#40

Quote:
Just novelty items then.

Certainly not. Firstly, the manufacturer of these calculators (Dennert&Pape) has a long history of manufacturing scientific and surveying tools and secondly, Aristo calculators have been the educational tools/calculators for half a generation of school and univerity students in Germany (as Ti in the rest of the world to this date). The Aristo M27 was introduced in 1972, the same year as the HP-35. I know, the 27 is non RPN and non schientific, but that dosen't make it a "novelty" either.


#41

Not all surveying tools are precision instruments. David White transits, and that East German 5 minute gun i used in Ecuador for example.

Comparing Aristo to TI does nothing to prove your point.

bad example I rest my case.


Still, i see your point. Early American calculator companies like Summit and JCE are dear to our hearts too. It's just that they were so wrong.

#42

In his paper "The Demise of the Slide Rule (and the Advent of its Successors" in the Fall 2003 issue of The Journal of the Oughtred Society Otto von Poelje wrote

Quote:
In that same year [1972 - the same year the HP-35 was introduced]Faber-Castell tried to prolong the life of the slide rule by releasing a combination product consisting of a slide rule with an electronic calculator in verso (Type TR1 and successors)

Much earlier Faber-Castell had combined a fairly wide variety of slide rules with an Addiator on the back to yield a device that could do addition, subtraction, multiplication and division.

The serious deficiency of both the TR1 and successors and the Addiator combinations was the inability to concatenate addition/subtraction with multiplicaion/division. The need to read an intermediate answer from one side and enter it on the other side was an easy way to introduce errors. Of course the HP-35 solved that.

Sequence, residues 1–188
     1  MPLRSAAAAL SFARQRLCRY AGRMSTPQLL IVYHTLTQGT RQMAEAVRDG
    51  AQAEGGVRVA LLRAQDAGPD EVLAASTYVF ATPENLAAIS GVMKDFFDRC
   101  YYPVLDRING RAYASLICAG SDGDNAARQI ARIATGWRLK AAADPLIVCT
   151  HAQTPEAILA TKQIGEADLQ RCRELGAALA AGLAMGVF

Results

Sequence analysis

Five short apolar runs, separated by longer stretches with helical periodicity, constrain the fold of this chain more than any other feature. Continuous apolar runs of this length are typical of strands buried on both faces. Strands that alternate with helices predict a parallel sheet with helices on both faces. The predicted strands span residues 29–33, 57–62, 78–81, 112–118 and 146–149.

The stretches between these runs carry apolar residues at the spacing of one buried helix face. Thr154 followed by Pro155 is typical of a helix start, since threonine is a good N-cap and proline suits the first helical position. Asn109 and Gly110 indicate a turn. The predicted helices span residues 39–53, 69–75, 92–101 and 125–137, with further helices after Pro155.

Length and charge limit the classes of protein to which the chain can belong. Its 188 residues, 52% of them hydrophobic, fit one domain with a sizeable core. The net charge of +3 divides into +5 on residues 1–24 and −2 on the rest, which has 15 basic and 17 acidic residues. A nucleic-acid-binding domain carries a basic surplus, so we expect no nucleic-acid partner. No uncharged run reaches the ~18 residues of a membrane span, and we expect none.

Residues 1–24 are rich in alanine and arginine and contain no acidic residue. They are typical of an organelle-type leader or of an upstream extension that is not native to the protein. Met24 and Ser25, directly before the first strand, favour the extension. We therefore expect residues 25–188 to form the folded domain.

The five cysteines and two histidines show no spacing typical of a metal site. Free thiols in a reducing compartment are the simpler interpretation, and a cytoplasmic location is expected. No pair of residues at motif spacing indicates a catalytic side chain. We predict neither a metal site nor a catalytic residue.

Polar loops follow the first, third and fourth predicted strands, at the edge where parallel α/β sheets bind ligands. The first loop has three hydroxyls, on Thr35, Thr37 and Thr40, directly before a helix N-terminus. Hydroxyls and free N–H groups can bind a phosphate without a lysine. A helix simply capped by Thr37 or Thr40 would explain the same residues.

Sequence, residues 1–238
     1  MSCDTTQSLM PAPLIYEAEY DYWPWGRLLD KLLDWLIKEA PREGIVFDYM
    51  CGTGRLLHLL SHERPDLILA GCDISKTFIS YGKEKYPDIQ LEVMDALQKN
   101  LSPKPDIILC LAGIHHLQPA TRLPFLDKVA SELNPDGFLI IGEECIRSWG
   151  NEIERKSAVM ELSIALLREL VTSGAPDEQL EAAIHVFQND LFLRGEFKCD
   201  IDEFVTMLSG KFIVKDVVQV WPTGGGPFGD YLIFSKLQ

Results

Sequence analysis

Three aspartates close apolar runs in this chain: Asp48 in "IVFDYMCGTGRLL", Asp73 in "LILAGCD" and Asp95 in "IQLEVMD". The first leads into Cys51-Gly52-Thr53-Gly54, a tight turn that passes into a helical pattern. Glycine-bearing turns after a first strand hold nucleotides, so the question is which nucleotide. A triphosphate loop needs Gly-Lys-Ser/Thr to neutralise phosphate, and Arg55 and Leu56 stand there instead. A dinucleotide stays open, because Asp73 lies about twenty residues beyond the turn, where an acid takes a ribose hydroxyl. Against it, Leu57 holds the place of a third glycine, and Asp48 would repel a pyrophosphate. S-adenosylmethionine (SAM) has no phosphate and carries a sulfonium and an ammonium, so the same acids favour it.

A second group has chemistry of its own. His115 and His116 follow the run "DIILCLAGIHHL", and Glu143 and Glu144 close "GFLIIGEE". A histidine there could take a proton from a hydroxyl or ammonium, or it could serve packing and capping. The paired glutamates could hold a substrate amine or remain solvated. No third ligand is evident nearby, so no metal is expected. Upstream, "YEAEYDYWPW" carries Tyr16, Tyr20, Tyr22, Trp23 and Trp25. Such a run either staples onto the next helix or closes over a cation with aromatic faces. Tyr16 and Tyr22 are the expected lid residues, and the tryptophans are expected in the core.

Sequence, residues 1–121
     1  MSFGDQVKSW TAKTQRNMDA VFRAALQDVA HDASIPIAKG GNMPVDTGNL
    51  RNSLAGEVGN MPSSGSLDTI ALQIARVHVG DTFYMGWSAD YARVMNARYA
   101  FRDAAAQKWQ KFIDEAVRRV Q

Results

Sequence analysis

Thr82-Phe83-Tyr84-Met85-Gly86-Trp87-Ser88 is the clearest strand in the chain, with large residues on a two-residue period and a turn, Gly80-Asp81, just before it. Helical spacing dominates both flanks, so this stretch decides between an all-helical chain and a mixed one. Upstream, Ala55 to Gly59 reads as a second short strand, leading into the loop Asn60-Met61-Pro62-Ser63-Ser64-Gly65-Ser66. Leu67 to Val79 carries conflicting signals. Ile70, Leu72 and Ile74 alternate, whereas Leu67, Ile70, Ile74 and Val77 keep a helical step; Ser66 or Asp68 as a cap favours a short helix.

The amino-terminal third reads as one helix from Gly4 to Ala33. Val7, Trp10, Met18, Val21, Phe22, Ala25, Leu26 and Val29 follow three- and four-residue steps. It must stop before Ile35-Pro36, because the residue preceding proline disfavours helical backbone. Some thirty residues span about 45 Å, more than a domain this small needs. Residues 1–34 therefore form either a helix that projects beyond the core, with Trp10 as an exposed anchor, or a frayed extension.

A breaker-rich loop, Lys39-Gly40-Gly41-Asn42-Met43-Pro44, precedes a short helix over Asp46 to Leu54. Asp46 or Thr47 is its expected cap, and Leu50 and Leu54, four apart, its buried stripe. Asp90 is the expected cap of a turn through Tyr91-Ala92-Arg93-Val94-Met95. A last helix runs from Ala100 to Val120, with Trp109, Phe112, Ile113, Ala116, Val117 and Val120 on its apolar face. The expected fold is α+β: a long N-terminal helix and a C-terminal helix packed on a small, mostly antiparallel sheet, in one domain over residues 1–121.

Edited: 22 Oct 2012, 11:46 p.m.


#43

What is error depends on the precision you expect. Blunders can be prevented by eliminating that loose nut in front of the keyboard - as long as the programmer wasn't an even looser nut.

edited to eliminate a miss-spelling by the loose nut in front of this keyboard.


Edited: 30 Oct 2012, 1:02 a.m. after one or more responses were posted


#44

Maybe someday I will meet an error-free individual. Until then I will contiinue to advocate methodologies which tend to avoid errors.

The development of the slide rule involved a long series of missteps. The missteps began with the inmplementation of the two logarithmic cycle A and B scales when it is a routine exercise to take the square and square root using single cycle C and D scales.

Another misstep occurred when the S and T scales were added to the Mannheim configuration such that the S scale worked with the A and B scales while the T scale worked with the C and D scales. That meant that multiplication of a tangent function by a sine function involved reading one function from one scale and reentering it on another scale, or as we did in the olden days, do the work with the A, B and S scales by entering the tangent function as a division of the sine by the cosine. Using the A and B scales meant that it was difficult to maintain three digit accuracy at the high end.

That misstep was remedied when the ST scale was introduced so that all three trigonometric scales were on the slide and worked with the C and D scales.

Then the so-called Darmstadt configuration was introduced and the S, ST and T scales were moved from the slide to the frame and, once again, if the user needed to multiply trigonometric functions of two different angles he had to read the second trigonometric function from the D scale and reenter it on the C scale. Truly, a dumb idea.

The combination of a slide rule and an Addiator which occurred as early as 1952 had the problem of concatenation but I suspect that was the best that could be done with a handheld device at that time. The combination of a slide rule with a non-scientific calculator as in the TR1 and its successors can only be understood as an inept mechanization which failed to anticipate the inevitable advent of a machine the HP-35. i


#45

"......which failed to anticipate the inevitable advent of a machine the HP-35" Yes, exactly.

And the 35 failed to anticipate the 45, the 42 failed to anticipate the 34s, TI didn't expect the 41, and nobody expects the Spanish Inquisition.

#46

According to my data, the 35 has been released long before the TR1.

So it's more likely a move into a market niche to sell for a higher margin.

Faber-Castell tells us the same - they stopped producing slide rules in 1973 and introduced the TR1 in 1974.

Very funny note from their site: There are still some slide rules in stock - please inquire. Only 40 years after their manufacturing stoppe :)